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spotted Gheorghe Vasile, 32, of Kearny at Beech St. and Stewart Ave., reportedly with a bottle of Smirnoff protruding from his backpack. The theft victim was brought to the scene and ID’d the suspect, police said.  Vasile was charged with shoplifting and violation of the town ordinance on open containers of alcohol. Police said he was also wanted on warrants, from Hanover, Sparta, Dover and Newark.  Processed at HQ , he was transported to the Hudson County Jail by the Sheriff ’s Office. Aug. 6 At 1:20 a.m., Officer Dean Gasser and Sgt. Charles Smith came upon a man and a woman having a heated argument on Belgrove Drive at Rose St. As the officers approached, the man took off, running through the nearby apartments and scaling two fences. The cops pursued but eventually lost him. However, the guy obligingly circled back. He was apprehended at Johnson Ave. and John St. by Officer Derek Hemphill and was found to be wanted on a contempt warrant, police said. In a search incidental to arrest, 39-year-old Kearny resident Anthony Joana was allegedly found to be in possession of a partially smoked marijuana cigar. He was charged on the warrant and with possession of pot and drug paraphernalia. Joana told police he was not feeling well, and Kearny EMS took him to Clara Maass Medical Center.

front-seat passenger holding a cigar. Said passenger exited the car, started to walk away, was told to stop  and began to run, police said. He was, however, caught and allegedly found to be in possession of two partially smoked marijuana cigars and a plastic bag containing more of the weed. Charged with possession and use of marijuana, possession of drug paraphernalia and resisting arrest was Steven McGirr, 22, of Kearny. Aug. 7 At 7 p.m., Det. Ray Lopez came upon two women yelling and apparently chasing a third on Forest St. near Pierce Place. As he approached, one entered a car  and reportedly raced away at a high rate of speed. He followed, but she returned to the scene of the altercation -- and now she had a knife in her hand, police said. Lopez disarmed and arrested her. Piscataway resident Jamye Dunham, 22, was charged with possession of a weapon, possession for unlawful purposes and driving with a suspended license.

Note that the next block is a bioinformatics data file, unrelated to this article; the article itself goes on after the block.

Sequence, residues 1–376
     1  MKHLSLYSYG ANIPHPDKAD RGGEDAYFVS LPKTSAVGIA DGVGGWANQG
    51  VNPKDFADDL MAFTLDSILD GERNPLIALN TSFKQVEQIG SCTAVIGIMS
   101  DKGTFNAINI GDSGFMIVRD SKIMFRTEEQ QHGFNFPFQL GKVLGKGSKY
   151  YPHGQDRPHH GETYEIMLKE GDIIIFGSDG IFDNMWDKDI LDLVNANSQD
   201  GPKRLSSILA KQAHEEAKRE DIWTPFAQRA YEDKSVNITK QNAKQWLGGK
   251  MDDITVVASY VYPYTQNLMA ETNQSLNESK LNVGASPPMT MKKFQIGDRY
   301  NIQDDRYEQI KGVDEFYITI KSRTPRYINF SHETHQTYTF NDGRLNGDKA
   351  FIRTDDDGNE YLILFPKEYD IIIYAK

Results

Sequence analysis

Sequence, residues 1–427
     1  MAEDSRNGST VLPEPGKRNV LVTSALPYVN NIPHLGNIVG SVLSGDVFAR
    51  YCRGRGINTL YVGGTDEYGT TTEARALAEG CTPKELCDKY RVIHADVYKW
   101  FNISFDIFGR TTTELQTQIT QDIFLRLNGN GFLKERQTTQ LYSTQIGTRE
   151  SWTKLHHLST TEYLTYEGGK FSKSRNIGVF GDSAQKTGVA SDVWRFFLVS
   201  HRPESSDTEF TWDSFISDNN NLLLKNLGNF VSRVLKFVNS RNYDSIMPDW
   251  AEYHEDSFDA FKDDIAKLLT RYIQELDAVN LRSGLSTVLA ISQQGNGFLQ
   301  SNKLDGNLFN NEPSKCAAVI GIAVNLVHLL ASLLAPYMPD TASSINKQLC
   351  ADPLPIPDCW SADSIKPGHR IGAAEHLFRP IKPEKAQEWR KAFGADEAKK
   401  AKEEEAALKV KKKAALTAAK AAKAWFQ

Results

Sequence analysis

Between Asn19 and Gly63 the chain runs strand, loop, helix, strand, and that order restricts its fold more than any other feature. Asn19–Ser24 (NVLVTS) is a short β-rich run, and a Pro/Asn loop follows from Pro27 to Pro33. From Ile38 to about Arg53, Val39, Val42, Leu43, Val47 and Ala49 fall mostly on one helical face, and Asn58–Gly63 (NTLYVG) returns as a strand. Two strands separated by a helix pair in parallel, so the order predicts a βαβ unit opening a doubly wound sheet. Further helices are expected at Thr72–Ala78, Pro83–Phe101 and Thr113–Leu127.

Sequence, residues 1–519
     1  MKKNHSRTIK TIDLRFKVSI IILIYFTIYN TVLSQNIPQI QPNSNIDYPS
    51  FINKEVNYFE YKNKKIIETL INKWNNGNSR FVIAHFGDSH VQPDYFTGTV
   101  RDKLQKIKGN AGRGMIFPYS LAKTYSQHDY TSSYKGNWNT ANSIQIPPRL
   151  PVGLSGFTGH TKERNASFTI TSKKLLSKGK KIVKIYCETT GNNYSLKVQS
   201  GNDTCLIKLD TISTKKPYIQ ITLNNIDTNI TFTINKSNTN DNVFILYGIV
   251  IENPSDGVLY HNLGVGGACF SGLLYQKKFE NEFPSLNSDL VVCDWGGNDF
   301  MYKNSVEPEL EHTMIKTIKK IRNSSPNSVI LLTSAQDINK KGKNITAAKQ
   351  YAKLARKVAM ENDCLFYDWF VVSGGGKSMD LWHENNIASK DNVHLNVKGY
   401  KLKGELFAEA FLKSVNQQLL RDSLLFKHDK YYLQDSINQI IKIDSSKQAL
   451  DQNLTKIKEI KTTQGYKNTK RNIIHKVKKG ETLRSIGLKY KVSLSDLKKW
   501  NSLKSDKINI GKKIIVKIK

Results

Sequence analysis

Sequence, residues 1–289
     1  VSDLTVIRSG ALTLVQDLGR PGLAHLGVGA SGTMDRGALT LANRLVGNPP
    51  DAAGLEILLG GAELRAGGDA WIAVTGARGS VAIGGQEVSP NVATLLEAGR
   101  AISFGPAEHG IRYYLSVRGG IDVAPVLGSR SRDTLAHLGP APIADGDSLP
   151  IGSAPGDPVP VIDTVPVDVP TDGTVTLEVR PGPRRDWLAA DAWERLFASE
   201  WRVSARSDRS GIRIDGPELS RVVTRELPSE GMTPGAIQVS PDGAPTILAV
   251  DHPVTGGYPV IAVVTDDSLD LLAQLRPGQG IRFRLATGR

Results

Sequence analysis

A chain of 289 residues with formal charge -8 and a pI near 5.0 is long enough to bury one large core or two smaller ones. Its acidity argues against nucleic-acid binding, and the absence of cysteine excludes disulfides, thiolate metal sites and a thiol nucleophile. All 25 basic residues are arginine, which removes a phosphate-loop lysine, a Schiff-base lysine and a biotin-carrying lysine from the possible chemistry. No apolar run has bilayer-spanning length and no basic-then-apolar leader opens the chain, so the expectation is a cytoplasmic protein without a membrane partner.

Based on information developed about a Chestnut St. location, the Vice Squad arranged to make an undercover drug buy there. At 10:30 p.m., the suspected dealer, in possession of several packets of pot, arrived -- and then took off running, discarding the marijuana along the way, police said. He was overtaken and arrested.  Anthony Baez, 19, of Kearny was charged with possession of pot and paraOfficer Joseph Vulcano phernalia, possession with responded to a two-car acci- intent to distribute, and dent on Rt. 7 at 11:30 a.m. and possession with intent near reportedly found that one of school property and a public the motorists, Joseph Minpark. ickene, 19, of Jersey City was driving with a suspended Aug. 8 license and was wanted on a At 7:20 a.m., Officer Dave warrant out of Linden. Min- Rakowski was at Passaic ickene was charged on those Ave. and Riverview Court counts and also with carewhen he spotted 27-yearless driving and failure to old Daniel Foster of Verona, surrender a revoked license. who he knew to be wanted on a Kearny warrant for the At 11 p.m., the Vice Squad alleged unlawful taking of a was on Beech St. when they vehicle, police said, he was came upon a vehicle from booked at HQ on that and which wafted the strong two other reported warrants, odor of burnt marijuana, po- from Riverdale and the N.J. lice said. Following the car Transit Police. and stopping it on Schuyler Ave., they reportedly saw the – Karen Zautyk